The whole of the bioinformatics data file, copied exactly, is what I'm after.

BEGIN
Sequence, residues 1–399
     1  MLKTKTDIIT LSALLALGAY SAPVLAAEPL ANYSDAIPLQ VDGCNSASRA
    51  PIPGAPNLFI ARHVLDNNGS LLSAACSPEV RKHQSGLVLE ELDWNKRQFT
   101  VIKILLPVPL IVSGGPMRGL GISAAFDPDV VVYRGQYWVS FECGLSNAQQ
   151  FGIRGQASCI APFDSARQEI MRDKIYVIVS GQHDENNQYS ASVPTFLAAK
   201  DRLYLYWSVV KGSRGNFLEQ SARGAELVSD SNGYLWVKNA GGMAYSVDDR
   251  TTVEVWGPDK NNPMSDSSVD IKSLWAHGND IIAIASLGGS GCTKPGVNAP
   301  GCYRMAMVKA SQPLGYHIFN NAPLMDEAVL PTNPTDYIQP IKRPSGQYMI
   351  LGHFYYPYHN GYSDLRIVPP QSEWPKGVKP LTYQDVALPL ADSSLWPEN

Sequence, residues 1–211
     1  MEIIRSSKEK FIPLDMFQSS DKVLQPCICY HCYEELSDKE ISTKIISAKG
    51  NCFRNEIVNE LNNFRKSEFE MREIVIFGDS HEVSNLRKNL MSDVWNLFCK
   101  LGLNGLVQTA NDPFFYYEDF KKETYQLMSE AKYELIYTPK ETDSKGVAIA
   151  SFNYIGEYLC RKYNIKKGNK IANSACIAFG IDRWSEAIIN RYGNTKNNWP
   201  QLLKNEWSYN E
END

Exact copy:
Sequence, residues 1–399
     1  MLKTKTDIIT LSALLALGAY SAPVLAAEPL ANYSDAIPLQ VDGCNSASRA
    51  PIPGAPNLFI ARHVLDNNGS LLSAACSPEV RKHQSGLVLE ELDWNKRQFT
   101  VIKILLPVPL IVSGGPMRGL GISAAFDPDV VVYRGQYWVS FECGLSNAQQ
   151  FGIRGQASCI APFDSARQEI MRDKIYVIVS GQHDENNQYS ASVPTFLAAK
   201  DRLYLYWSVV KGSRGNFLEQ SARGAELVSD SNGYLWVKNA GGMAYSVDDR
   251  TTVEVWGPDK NNPMSDSSVD IKSLWAHGND IIAIASLGGS GCTKPGVNAP
   301  GCYRMAMVKA SQPLGYHIFN NAPLMDEAVL PTNPTDYIQP IKRPSGQYMI
   351  LGHFYYPYHN GYSDLRIVPP QSEWPKGVKP LTYQDVALPL ADSSLWPEN

Sequence, residues 1–211
     1  MEIIRSSKEK FIPLDMFQSS DKVLQPCICY HCYEELSDKE ISTKIISAKG
    51  NCFRNEIVNE LNNFRKSEFE MREIVIFGDS HEVSNLRKNL MSDVWNLFCK
   101  LGLNGLVQTA NDPFFYYEDF KKETYQLMSE AKYELIYTPK ETDSKGVAIA
   151  SFNYIGEYLC RKYNIKKGNK IANSACIAFG IDRWSEAIIN RYGNTKNNWP
   201  QLLKNEWSYN E